Tuesday, March 22, 2016

Thursday Update

Well as I had mentioned earlier the SPC has most all of Central and North Alabama in a SLIGHT RISK for severe weather on Thursday.
The main threat will come in the for of damaging straight line winds as the squall line progresses eastward as well as a small tornado threat with cells that may form out ahead of the main line. While this mornings runs had very little in the way of CAPE the 18z NAM has really ramped up the cape showing 2000 jules at 4pm in west Alabama.
While I am not expecting a major tornado event a few tornadoes are possible. Here is the STP valid 4pm
There will be more than enough Helicity to support rotating updrafts that may develop. With that being said we could also be looking and some decent hail in the stronger storms.
This looks to be a daytime event and that could be concerning as it looks to hit during the best daytime heating. The time frame I am going with is 11am-9pm.. The one thing that may throw a wrench in this whole thing is this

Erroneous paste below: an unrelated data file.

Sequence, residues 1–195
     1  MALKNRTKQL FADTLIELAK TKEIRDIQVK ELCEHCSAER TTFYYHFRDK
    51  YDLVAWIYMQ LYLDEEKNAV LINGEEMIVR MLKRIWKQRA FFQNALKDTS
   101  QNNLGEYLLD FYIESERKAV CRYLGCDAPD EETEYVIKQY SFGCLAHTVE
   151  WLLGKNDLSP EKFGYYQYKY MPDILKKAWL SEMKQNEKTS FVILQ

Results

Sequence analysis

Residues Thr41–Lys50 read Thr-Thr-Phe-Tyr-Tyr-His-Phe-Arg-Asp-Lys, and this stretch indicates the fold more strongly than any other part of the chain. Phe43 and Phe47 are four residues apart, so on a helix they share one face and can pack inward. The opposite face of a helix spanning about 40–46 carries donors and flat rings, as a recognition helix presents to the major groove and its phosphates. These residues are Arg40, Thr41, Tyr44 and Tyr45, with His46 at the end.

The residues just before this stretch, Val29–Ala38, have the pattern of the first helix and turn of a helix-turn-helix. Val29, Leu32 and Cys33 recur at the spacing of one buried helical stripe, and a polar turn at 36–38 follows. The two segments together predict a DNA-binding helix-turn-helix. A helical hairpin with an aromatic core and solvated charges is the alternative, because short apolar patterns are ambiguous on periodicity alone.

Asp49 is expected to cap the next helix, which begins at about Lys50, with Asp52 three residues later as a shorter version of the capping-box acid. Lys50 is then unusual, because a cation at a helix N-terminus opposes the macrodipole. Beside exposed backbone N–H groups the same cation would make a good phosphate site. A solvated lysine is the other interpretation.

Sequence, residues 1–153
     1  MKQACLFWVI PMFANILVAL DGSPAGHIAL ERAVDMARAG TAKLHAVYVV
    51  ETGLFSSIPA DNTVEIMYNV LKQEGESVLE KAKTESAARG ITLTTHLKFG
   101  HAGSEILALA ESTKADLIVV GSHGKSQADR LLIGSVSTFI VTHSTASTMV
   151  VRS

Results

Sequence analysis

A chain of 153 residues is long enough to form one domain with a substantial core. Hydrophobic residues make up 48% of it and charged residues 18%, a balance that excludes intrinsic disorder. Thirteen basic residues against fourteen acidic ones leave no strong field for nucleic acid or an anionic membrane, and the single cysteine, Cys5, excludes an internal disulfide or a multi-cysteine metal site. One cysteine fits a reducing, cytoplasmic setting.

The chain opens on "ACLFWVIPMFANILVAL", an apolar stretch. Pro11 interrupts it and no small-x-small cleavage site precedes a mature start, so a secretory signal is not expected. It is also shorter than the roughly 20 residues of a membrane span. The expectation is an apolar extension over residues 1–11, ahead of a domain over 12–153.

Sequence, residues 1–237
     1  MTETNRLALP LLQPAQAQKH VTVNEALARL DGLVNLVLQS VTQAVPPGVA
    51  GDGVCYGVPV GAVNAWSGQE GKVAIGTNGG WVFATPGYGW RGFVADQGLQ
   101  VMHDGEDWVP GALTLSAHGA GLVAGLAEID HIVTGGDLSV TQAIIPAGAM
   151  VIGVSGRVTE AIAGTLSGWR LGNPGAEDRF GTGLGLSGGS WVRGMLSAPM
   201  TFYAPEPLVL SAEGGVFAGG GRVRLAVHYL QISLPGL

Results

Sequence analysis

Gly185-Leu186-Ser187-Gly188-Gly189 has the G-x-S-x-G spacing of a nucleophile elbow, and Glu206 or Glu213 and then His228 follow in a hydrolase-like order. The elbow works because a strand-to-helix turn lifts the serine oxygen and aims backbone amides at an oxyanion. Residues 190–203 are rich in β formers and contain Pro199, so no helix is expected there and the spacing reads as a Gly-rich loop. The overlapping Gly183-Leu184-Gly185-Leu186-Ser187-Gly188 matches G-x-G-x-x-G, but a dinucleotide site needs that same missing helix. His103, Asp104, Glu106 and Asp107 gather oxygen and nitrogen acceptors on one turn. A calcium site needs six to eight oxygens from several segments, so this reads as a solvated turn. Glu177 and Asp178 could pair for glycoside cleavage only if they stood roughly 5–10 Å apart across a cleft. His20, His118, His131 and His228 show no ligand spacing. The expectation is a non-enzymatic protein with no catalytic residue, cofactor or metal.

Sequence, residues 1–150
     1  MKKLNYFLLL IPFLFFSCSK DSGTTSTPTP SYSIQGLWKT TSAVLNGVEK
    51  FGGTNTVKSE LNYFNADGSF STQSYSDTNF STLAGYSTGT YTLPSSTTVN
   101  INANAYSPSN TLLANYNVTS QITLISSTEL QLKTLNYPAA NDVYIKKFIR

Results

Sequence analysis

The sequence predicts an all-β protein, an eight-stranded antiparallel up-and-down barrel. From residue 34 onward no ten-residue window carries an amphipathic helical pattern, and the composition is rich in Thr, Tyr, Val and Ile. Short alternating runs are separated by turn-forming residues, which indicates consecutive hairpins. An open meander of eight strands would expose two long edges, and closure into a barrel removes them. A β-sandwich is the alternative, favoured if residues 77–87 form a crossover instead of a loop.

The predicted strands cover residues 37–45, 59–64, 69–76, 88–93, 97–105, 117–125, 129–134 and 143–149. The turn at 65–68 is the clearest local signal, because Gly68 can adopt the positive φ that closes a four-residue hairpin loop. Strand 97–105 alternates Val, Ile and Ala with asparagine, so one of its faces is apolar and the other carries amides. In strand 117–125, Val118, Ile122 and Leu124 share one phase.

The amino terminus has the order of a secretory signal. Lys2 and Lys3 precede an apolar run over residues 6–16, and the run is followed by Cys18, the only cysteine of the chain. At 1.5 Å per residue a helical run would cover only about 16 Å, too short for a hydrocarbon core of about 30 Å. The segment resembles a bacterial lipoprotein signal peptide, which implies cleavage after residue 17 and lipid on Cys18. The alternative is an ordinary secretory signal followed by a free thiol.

The NAM is showing some rain showers developing early Thursday morning. If this happens it may stabilize the atmosphere enough to lessen our severe chances that afternoon. This is developing and I will post more tomorrow evening as we get closer to the event

Monday, February 22, 2016

Tuesday Update....

Ok folks we are just about 24 hours before the severe threat could begin to show its face across Alabama. Currently the SPC has areas south of I-20 in an enhanced risk for severe weather on Tuesday with a moderate risk to the South of Highway 80.
The NWS in Birmingham has issued its own graphic cast showing an elevated risk as well as estimated timing up into central Alabama
The surface low is supported by a deep trough, (and can be clearly can be seen in this output) Bulk shear values (0-6 km) nearing 100 knots, a low level jet (5,000 feet) over 60 knots.
With the SB cape values backed off a bit up into central Alabama and be more concentrated to South Alabama. As well as the STP values remain to be high in South ALabama
Now here is my thinking on locations of the severe weather